Date of this Version
J. Appl. Entomol. 141 (2017), pp.67–79, doi: 10.1111/jen.12356.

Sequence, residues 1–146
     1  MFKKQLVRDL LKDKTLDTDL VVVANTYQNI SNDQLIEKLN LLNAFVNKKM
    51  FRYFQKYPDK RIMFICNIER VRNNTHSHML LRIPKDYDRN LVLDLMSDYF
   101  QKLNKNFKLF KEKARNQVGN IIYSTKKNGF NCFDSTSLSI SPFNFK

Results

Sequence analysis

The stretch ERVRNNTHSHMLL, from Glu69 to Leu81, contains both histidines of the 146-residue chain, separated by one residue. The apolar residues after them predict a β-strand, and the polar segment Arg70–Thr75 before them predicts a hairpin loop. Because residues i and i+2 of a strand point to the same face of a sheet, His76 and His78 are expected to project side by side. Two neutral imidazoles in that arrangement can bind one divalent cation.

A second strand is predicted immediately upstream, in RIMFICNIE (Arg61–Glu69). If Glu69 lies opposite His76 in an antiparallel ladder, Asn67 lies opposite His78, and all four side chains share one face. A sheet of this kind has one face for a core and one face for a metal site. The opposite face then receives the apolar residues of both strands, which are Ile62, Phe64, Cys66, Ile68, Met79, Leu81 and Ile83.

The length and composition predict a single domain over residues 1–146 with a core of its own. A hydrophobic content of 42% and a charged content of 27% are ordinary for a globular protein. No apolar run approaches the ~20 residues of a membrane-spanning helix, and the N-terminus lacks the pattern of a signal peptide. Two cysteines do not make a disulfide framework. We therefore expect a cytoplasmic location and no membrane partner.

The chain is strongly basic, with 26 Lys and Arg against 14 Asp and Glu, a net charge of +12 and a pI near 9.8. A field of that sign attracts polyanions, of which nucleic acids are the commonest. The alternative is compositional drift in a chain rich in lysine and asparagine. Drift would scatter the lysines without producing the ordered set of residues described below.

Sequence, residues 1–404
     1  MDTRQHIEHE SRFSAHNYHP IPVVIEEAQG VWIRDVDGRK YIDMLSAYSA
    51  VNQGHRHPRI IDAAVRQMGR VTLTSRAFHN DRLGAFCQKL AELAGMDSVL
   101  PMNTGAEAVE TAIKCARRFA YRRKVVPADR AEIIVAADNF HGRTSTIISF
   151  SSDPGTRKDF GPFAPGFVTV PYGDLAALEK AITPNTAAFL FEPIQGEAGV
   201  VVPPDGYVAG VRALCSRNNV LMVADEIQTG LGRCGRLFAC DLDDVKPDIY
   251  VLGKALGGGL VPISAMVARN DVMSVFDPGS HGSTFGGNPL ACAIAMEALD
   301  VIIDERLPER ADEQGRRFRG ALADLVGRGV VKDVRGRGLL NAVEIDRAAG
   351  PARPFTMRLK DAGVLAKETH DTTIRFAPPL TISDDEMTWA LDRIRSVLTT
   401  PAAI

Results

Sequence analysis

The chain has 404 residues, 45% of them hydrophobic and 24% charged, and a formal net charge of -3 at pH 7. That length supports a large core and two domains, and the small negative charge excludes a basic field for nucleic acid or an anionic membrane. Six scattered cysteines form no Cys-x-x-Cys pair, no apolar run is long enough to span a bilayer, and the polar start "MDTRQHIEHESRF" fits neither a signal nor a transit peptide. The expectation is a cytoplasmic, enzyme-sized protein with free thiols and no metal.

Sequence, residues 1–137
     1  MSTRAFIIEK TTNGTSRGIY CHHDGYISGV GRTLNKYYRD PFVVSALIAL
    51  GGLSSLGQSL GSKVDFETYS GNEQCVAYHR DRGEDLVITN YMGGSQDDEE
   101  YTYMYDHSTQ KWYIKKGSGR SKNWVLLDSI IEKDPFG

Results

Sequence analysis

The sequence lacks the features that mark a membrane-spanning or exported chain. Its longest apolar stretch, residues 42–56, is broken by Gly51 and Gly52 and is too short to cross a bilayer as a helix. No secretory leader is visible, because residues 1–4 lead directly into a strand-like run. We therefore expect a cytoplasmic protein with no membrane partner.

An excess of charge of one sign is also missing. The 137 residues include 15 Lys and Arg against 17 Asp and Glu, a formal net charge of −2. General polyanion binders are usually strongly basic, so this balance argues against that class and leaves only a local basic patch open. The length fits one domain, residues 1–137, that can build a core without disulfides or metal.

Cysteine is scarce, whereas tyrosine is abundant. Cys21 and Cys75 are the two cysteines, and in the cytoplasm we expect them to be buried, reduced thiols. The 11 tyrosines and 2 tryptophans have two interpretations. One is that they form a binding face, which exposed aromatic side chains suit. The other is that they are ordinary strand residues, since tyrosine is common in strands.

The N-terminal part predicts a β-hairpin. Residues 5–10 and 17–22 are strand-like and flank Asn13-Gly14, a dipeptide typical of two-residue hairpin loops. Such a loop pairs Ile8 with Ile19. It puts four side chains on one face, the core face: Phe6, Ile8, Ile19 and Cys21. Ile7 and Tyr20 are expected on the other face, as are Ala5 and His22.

Crops producing insecticidal toxins derived from the bacterium Bacillus thuringiensis (Bt) are widely planted to manage insect pests. Bt crops can provide an effective tool for pest management; however, the evolution of Bt resistance can diminish this benefit. The European corn borer, Ostrinia nubilalis H€ubner, is a significant pest of maize and is widely managed with Bt maize in the Midwest of the United States. When Bt crops are grown in conjunction with non-Bt refuges, fitness costs of Bt resistance can delay the evolution of resistance. Importantly, fitness costs often vary with ecological factors, including host-plant genotype and diapause. In this study, we examined fitness costs associated with Cry1F resistance in O. nubilalis when insects were reared on three maize lines. Fitness costs were tested in two experiments. One experiment assessed the fitness costs when Cry1F-resistant and Cry1F-susceptible insects were reared on plants as larvae and experienced diapause. The second experiment tested resistant, susceptible and F1 heterozygotes that were reared on plants but did not experience diapause. Despite some evidence of greater adult longevity for Cry1F-resistant insects, these insects produced fewer fertile eggs than Cry1F-susceptible insects, and this occurred independent of diapause. Reduced fecundity was not detected among heterozygous individuals, which indicated that this fitness cost was recessive. Additionally, maize lines did not affect the magnitude of this fitness cost. The lower fitness of Cry1F-resistant O. nubilalis may contribute to the maintenance of Cry1F susceptibility in field populations more than a decade after Cry1F maize was commercialized.